Several methods to preserve food; explore your options (with salsa recipe)

Any food will spoil over time unless preservation steps are taken.

Preserved food lasts longer than fresh produce and refrigerated items. Decide what you are preserving. The answer will help determine what method to use. Here are the most common ways.


Freezing food is an easy and quick method. Proper freezing of fruits and vegetables tends to maintain their color, flavor, and nutrients better than other methods.


Pickling uses a high concentration of acid to prevent spoilage. Pickled foods are saturated with acid to smother most bacteria. Heat treating these products is also important to kill any remaining bacteria in a jar.


Fermenting is done in a warm environment using salts, sugars, or grains creating a brine, which covers the produce. Time is an important factor when fermenting.

Water Bath Canning

Water bath canning is used for high-acid foods and recipes that incorporate the correct amount of acid. The combination of time and temperature destroys mold, yeast, and enzymes that cause spoilage while creating a vacuum-sealed jar. This process is recommended for produce and recipes including most fruits and acidified and fermented foods.

Pressure Canning

Pressure canning is the only processing method that reaches the 240°F temperature needed to safely preserve low-acid foods. Time and temperature will destroy foodborne bacteria and create a vacuum-sealed jar necessary to prevent spoilage. This process is required to preserve meats, most vegetables, and combination foods.

Pressure canner dial gauges should be tested for accuracy each year. Contact your local University of Wyoming Extension office to determine locations and times for testing.


Dehydration prevents and delays spoilage by removing most of the food’s water content. While possible to dry most fruits and vegetables in an oven or even in the sun, you’ll get more dependable results using an electric dehydrator.

Use Current Methods and Recipes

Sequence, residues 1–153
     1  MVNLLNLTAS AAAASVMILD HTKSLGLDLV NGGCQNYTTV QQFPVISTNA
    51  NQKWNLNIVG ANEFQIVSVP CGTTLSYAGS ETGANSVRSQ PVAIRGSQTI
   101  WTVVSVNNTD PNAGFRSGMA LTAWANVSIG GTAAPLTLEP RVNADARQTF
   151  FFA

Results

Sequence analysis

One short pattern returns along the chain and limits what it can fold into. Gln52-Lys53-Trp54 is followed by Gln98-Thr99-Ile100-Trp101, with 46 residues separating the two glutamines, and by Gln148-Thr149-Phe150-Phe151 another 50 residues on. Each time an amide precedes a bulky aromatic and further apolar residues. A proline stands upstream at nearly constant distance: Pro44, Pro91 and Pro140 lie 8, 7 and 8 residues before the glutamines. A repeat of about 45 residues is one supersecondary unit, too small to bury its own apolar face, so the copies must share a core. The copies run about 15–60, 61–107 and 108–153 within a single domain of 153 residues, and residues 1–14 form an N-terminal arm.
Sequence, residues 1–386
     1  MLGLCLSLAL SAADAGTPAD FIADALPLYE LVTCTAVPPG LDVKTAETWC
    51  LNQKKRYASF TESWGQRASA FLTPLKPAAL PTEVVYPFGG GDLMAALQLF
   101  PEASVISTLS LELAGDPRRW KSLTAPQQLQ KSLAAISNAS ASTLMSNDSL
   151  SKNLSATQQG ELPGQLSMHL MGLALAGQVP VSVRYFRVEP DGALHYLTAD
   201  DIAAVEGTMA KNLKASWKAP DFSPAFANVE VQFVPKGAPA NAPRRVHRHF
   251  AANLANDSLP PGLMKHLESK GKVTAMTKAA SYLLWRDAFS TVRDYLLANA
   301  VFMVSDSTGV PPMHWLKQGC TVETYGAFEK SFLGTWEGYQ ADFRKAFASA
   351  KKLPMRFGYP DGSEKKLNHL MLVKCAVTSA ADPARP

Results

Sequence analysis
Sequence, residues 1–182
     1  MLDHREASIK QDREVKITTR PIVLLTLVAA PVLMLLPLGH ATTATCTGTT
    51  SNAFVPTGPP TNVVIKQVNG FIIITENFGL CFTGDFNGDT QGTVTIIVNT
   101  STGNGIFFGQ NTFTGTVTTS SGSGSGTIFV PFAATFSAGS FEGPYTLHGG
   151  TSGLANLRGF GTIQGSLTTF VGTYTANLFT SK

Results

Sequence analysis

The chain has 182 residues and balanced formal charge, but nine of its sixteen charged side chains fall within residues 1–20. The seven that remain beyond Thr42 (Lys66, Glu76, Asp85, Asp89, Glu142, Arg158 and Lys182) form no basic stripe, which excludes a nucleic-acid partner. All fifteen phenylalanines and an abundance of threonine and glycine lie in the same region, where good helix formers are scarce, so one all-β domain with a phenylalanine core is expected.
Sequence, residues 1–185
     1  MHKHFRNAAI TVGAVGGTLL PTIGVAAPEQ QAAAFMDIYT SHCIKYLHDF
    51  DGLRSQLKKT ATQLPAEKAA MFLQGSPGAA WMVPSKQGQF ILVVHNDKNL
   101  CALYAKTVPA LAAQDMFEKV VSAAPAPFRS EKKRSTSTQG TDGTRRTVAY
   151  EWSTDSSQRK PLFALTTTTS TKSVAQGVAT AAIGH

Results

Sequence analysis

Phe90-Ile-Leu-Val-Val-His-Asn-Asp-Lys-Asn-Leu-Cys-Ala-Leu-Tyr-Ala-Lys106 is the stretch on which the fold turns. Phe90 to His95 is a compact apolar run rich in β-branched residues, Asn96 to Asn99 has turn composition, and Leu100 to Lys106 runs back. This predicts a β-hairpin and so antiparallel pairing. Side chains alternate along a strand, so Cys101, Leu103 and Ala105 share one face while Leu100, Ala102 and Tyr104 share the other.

Significant changes to canning guidelines were made in 1994, 2006, 2009, and again in 2015. Botulism can’t be seen, smelled, or tasted, so the best way to prevent foodborne illness is to only use recipes that have been tested by reliable sources and have a known pH. ALWAYS use current research-based recipes developed after 2009 and preferably 2015.

Preserving some foods during their most abundant time is one of the best ways to eat a local, seasonal diet year-round. Contact your local UW Extension office for complete details on food preservation and upcoming classes. Contact information is at

UW Extension recommends using one of the following approved resources for home canning recipes.


  • Ball Blue Book cookbooks
  • So Easy to Preserve, 6th Edition, 2014
  • USDA Complete Guide to Home Canning, Revised 2015


Vicki Hayman is a University of Wyoming Extension nutrition and food safety educator. She can be reached at (307) 746-3531 or at

Fresh Vegetable Salsa

Makes about 10 (8 oz.) half pints or 5 (16 oz.) pints


  • 7 cups (8-10 medium-large) tomatoes
  • 8 jalapeño peppers, seeded and finely chopped
  • 2 cups onions, coarsely chopped
  • 1 cup green bell pepper, coarsely chopped
  • 3 cloves garlic, minced
  • 1 can (6 oz.) tomato paste
  • 3/4 cup white vinegar
  • 1/2 cup chopped cilantro, lightly packed
  • 1/2 teaspoon ground cumin
  • 10 (8 oz.) half-pint or 5 (16 oz.) pint preserving jars with lids and bands


  • Blanch, peel, seed, and coarsely chop tomatoes. Measure 7 cups. Wearing rubber gloves, remove seeds, and finely chop jalapeño.
  • In a large stainless-steel saucepan, combine tomatoes, jalapeño pepper, onions, green pepper, garlic, tomato paste, vinegar, cilantro, and cumin. Bring to a boil; boil gently, stirring occasionally, until salsa thickens, about 30 minutes.
  • Fill canner halfway with hot water, cover, and pre-heat to 180°F (simmering) for hot pack.
  • Heat canning jars in hot water until ready for use; however, do not boil!
  • Place flat lids in a small saucepan and bring to a simmer over low heat until ready to use – do not boil. Set bands aside.
  • Ladle salsa into hot jars one at a time, leaving a ½-inch headspace. Adjust headspace if necessary.
  • Remove air bubbles with a straight spatula. Wipe jar rim/threads using a clean damp cloth/paper towel to remove any food residue. Center the lid on jar. Screw on band until fit is “fingertip” tight.
  • Place jars in canner rack and lower rack into water. Make sure 1-2 inches of water covers jar; add more hot water if necessary.
  • Place lid on the canner and bring to a full rolling boil. Once at a rolling boil, set timer and begin processing time. Process in a boiling water canner for the appropriate time according to the altitude chart.
  • Once processing time is complete, turn off the heat, remove the canner lid, and wait 5 minutes before removing jars.
  • Remove jars from canner without tilting and set upright on a towel with 1-inch space between jars to prevent jar breakage. Leave jars undisturbed for 24 hours. Do not re-tighten bands or push on the center of lids!
  • Check the jar lids for a good seal after 24 hours. The lid should not flex up and down when the center is pressed. If it does, refrigerate the jar and use food within two days.
  • Remove bands. Clean the jars, label, and store in a cool, dry, dark place. Consume within one year for best quality.

Tips: When cutting or seeding hot peppers, wear rubber gloves to keep hands from burning. If you don’t mind heat, leave the seeds and veins in the jalapeños.

Recipe source: Ball Complete Book of Home Preserving

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